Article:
The old adage “the best things in life are free” definitely apply to traveling in Japan: walking the neon streets of Shinjuku and basking in Mt Fuji’s glory are must-do experiences that don’t cost a single Yen (or require a vault full of gold).
That being said, you do need to eat and sleep during your stay, which in pricey Japan may be beyond the means of most budget travelers. These 4 hacks can help you save a boatload of cash during your time in the Land of the Rising Sun.
Book Hostels Online
Obviously sleeping is going to be one of your top costs during your stay. Even if you’re well beyond your backpacking years, a hostel may make sense for you. Japanese hostels have high standards of cleanliness and more often than not offer private rooms at a fraction of the price of a hotel and tend to be even cheaper than even capsule hostels.
Sites to comparison shop include HostelBookers.com and HostelWorld.com
Eat Moving Food
No, it’s not alive but rotating sushi bars are the rage in almost every major city in Japan. Not only is eating sushi an integral part of your Japanese experience, but it can also save you a lot of cash as well. Many sushi bars offer low-cost rolls starting at 99 yen (about 1 US Dollar) and up.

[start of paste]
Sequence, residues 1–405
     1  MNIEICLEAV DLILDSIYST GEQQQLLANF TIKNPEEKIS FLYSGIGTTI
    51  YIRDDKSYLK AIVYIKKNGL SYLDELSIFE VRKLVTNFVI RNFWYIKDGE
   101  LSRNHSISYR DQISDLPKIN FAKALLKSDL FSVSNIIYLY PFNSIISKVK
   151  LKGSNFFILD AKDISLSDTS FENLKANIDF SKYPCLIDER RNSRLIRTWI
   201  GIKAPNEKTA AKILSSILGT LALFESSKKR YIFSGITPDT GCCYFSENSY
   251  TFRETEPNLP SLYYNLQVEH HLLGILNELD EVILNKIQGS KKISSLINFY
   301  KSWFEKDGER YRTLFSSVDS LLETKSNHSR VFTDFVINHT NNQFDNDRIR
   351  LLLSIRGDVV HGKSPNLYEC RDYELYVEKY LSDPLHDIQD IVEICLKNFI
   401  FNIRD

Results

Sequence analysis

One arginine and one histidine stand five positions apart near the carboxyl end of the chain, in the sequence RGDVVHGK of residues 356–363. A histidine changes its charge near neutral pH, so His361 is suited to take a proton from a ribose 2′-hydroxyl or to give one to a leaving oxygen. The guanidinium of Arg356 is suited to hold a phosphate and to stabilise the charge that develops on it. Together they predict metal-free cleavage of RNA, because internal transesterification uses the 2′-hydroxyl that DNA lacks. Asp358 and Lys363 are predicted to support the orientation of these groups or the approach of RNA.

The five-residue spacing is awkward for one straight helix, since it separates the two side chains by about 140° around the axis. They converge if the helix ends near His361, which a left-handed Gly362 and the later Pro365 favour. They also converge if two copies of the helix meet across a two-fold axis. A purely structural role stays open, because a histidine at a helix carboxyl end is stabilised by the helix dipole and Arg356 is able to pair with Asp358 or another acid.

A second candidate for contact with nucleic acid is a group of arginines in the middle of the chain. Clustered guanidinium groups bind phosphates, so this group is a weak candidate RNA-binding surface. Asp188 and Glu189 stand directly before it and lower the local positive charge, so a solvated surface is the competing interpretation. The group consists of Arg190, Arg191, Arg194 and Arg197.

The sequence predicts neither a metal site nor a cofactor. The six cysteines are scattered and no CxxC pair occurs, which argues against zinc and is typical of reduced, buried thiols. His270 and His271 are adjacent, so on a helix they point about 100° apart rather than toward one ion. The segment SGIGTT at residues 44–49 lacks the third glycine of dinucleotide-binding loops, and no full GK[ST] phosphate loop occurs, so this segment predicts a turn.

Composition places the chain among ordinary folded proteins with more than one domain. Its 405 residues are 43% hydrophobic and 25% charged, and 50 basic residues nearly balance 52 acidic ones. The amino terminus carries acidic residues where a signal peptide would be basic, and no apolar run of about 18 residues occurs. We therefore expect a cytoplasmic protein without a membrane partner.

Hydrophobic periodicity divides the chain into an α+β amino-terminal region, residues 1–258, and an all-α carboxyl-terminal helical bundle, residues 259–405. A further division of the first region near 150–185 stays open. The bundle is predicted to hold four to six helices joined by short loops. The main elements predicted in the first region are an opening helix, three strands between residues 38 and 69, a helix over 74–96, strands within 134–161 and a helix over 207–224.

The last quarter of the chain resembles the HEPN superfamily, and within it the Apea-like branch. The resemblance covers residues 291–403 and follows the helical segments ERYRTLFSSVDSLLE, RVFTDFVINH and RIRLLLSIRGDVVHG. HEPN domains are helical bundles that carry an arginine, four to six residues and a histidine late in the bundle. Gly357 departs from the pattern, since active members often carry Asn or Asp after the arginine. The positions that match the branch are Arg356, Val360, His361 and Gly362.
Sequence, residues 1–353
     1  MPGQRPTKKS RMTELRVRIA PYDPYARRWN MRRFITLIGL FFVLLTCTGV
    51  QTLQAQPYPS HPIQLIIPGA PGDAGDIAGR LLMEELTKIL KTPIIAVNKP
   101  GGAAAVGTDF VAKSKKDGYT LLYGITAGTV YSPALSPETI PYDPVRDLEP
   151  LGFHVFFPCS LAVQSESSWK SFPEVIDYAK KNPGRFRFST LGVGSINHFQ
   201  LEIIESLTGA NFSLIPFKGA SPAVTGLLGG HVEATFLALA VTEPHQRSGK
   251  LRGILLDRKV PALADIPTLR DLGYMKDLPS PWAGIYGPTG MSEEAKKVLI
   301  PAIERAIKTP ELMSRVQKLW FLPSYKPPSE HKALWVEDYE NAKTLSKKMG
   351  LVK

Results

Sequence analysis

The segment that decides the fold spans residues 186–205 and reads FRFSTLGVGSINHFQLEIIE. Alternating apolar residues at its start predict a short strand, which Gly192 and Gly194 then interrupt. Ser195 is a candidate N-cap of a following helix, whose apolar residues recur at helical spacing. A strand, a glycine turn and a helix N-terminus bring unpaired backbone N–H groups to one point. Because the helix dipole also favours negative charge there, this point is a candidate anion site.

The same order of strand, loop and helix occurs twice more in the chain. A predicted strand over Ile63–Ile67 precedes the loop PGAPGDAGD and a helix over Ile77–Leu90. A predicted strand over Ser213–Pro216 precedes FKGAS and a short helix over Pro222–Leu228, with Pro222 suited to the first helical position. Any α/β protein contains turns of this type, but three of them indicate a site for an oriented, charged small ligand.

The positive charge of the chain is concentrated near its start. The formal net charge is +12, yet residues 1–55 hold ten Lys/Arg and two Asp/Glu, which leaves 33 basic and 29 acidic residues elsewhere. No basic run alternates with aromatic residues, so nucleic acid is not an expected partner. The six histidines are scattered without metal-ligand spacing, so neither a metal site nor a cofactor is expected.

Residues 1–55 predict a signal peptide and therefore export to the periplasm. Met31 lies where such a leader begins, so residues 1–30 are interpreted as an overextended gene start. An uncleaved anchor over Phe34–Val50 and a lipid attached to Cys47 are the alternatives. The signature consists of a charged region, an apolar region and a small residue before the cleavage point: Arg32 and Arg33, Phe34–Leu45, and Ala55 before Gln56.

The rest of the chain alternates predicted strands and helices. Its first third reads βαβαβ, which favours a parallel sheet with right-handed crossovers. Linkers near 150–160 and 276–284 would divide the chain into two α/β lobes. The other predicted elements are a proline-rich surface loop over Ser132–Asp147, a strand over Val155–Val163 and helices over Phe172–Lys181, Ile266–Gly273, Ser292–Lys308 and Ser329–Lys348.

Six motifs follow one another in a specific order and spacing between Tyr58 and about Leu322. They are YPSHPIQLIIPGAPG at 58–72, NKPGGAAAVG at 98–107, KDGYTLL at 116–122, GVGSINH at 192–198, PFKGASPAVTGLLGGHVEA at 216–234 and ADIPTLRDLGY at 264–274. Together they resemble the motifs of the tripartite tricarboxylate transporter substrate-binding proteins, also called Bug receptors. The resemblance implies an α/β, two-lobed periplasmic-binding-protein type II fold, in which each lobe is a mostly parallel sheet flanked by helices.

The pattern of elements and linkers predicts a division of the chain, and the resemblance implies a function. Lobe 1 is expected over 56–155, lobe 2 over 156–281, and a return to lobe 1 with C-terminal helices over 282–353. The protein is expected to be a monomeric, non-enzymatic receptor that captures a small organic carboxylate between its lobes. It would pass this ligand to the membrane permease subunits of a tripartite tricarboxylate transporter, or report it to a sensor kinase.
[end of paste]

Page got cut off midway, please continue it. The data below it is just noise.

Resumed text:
Japan’s famous Bullet Train is absurdly expensive –even with the famous 7-dayvisitor pass. Travel like the locals do (at least the students) and travel by bus. Japan has some pimped out buses that offer plush reclining seats and other amenities not seen in the West. Most companies offer overnight buses that are perfect if you’re traveling long-distance (Bonus: night buses also save you money on a hostel or hotel for that night).
Go “Free” Whenever Possible
Many of the most sought-after experiences in Japan — from seeing a Geisha show to sleeping in a ryokan — are pricey. That being said, there are a number of completely free or low cost activities in every Japanese city. When you first arrive in Japan, opt for these free activities first and splurge later if you have extra money. Some top free Japanese experiences include walking through Nara park, window shopping in Ginza and Hiroshima peace park.
Spencer Mitchell recently returned from a 2-month trip to Japan, and thanks to these money-saving tips, he was able to afford it. When Spencer isn’t on the road, he’s usually posting surveys for money reviews on his website, SurveySpencer.com. His most recent review was for the paid survey panel Ipsos I-Say.